How Attacks on the Affordable Care Act Hurt Black Women

The U.S. Court of Appeals for the Fifth Circuit struck down the mandatory coverage requirement of the Affordable Care Act (ACA) this week, leaving a lower court to decide if the rest of the landmark legislation can remain without the requirement.

The court’s decision will cripple, if not kill, the ACA—and with the stroke of a pen, the court has paved the way for the Trump administration to make it harder for millions of people to get health insurance coverage.

(Molly Adams)

This constant attack by the Trump Administration on the one law that allows those with pre-existing conditions to retain health care should concern us all. We know that before the passage of the ACA, people of color accounted for 54 percent of the uninsured in the United States, even though they only made up 35 percent of the population. Black women and other women of color, who already face systemic barriers to accessing health care, were disproportionately impacted.

The consistent chipping away at the law by conservative lawmakers and judges means those families could mean a return to millions of women losing the ability to properly care for the health of their families.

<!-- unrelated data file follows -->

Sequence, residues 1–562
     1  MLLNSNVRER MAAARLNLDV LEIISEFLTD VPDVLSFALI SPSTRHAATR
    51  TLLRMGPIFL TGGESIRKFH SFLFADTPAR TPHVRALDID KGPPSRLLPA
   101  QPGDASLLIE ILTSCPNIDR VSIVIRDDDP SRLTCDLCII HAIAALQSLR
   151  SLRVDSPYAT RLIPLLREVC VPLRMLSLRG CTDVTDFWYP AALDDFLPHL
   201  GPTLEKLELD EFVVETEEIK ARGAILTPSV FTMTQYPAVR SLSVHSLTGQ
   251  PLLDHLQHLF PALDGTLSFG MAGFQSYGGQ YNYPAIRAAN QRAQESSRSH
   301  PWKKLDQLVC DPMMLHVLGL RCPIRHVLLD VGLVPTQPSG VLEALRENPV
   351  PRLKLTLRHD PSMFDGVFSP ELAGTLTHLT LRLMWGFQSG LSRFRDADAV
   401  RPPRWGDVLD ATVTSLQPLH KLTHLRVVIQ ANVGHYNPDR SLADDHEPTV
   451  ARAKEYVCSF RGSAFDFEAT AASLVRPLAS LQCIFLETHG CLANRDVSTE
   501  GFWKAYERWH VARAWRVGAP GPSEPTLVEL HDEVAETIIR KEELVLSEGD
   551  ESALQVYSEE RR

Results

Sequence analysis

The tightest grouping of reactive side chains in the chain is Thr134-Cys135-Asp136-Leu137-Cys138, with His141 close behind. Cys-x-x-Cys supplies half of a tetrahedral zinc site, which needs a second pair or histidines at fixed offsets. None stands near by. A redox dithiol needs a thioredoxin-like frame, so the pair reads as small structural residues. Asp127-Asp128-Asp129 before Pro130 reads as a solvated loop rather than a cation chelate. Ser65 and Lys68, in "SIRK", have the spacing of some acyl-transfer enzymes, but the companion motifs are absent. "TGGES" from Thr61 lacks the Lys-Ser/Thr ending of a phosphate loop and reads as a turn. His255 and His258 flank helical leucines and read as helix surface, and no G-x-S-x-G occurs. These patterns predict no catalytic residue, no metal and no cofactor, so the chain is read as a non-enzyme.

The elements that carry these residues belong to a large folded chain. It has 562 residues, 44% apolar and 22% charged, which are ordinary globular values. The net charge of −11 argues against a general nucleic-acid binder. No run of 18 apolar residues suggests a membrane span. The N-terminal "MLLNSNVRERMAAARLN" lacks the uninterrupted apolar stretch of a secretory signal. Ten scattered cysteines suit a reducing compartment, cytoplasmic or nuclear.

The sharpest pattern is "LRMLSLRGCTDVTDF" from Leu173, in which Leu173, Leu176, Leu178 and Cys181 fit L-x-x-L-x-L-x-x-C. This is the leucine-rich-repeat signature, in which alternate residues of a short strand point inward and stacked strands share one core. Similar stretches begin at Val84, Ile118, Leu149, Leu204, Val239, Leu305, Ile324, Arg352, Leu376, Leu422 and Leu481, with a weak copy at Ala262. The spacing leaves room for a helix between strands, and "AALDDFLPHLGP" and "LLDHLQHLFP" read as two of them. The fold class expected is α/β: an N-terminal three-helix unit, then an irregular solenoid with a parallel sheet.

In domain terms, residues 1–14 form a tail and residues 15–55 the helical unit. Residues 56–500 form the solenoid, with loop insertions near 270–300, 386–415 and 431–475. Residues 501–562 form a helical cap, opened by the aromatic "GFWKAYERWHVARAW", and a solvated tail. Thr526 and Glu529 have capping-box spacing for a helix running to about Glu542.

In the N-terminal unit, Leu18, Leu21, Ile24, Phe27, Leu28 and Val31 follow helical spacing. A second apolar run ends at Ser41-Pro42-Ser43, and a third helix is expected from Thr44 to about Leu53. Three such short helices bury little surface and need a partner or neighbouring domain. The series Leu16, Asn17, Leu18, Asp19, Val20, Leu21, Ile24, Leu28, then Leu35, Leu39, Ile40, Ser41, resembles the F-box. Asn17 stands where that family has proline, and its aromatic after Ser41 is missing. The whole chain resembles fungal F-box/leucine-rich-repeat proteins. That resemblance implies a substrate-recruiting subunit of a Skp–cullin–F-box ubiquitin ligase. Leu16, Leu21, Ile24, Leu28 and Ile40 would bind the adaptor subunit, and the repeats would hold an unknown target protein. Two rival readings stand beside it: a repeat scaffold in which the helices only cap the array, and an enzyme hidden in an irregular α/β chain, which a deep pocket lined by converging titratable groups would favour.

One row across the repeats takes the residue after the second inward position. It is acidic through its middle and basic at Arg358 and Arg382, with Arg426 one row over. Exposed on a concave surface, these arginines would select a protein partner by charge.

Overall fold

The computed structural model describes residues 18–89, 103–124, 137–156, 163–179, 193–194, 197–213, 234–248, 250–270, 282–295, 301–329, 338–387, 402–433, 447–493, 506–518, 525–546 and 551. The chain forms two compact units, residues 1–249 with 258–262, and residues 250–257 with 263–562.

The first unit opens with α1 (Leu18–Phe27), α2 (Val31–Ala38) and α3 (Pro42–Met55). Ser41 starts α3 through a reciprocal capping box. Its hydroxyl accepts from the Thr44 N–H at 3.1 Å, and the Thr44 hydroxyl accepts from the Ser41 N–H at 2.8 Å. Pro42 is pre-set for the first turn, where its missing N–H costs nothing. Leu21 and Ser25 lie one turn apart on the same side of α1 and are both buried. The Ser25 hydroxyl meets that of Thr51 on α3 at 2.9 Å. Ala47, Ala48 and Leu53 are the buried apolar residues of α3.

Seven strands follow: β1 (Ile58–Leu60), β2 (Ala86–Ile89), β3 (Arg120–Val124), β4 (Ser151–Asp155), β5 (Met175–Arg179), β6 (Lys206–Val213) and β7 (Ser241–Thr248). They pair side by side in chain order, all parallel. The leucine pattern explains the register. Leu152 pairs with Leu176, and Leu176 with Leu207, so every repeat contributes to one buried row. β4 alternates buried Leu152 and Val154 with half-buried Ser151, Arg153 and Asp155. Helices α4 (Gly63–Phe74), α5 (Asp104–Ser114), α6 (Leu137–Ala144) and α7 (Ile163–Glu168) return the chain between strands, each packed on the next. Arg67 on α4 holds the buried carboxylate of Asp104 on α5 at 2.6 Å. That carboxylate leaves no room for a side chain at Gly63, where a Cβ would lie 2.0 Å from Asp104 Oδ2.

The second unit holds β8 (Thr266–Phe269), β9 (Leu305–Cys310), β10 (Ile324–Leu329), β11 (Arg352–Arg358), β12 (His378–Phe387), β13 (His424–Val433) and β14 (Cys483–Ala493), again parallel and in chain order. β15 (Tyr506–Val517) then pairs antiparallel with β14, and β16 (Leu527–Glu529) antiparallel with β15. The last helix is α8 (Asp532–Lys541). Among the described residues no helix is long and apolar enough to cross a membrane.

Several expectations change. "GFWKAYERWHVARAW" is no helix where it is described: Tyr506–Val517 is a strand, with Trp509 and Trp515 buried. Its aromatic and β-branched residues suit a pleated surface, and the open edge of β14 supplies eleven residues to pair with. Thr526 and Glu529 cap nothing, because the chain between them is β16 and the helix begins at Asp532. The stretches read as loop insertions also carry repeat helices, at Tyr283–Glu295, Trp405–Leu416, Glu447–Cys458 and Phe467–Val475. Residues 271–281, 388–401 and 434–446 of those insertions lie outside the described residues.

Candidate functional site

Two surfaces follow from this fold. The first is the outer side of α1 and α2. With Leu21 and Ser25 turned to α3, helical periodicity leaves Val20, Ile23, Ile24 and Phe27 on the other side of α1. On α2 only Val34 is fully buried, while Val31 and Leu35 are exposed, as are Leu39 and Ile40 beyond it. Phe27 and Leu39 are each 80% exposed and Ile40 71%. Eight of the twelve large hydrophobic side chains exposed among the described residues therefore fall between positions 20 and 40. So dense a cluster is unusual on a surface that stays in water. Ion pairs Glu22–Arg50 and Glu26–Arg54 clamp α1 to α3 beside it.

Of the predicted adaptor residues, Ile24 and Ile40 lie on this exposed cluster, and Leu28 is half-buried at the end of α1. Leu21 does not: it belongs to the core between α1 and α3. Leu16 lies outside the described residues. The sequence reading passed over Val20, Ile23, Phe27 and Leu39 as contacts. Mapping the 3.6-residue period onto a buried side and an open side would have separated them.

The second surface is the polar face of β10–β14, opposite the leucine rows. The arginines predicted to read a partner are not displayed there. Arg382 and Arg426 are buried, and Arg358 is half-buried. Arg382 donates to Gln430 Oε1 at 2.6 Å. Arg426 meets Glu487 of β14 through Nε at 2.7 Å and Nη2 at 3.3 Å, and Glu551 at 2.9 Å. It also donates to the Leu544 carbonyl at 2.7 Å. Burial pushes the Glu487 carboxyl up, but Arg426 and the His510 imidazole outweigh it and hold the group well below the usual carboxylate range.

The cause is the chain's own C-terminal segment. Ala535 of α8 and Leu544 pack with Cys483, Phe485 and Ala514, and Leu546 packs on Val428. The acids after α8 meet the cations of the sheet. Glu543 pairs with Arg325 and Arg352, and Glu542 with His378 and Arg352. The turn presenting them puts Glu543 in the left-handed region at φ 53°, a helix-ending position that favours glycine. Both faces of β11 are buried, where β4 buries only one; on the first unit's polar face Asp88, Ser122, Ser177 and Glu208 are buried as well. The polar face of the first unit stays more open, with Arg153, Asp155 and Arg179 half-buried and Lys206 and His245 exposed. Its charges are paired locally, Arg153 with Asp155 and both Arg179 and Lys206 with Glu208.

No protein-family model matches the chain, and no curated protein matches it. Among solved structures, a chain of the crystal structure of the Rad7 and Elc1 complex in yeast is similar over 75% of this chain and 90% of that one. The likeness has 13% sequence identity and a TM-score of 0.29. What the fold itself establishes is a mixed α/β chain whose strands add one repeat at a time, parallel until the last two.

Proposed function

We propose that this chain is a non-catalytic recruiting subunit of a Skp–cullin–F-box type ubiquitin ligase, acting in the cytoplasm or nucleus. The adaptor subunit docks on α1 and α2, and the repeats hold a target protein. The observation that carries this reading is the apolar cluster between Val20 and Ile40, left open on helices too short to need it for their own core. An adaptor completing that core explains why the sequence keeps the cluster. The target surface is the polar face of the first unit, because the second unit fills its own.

The Trump administration and their cohorts are hell-bent on destroying the ACA and protecting the insurance industry profiteers. In Our Own Voice is calling on Congress to strengthen and improve access to health care for all people—of all races, genders and economic means—and we encourage voters to join us in demanding that elected leaders stop playing partisan political games with our health and rights.

About

Marcela Howell is the founder and president of In Our Own Voice: National Black Women’s Reproductive Justice Agenda and the former senior policy and communications consultant for Communications Consortium Media Center and vice president of policy, communications and marketing at Advocates for Youth. She has a Masters in Literature from Saint Louis University and a JD from Pepperdine School of Law. You can follow Marcela on Twitter at @BlackWomensRJ.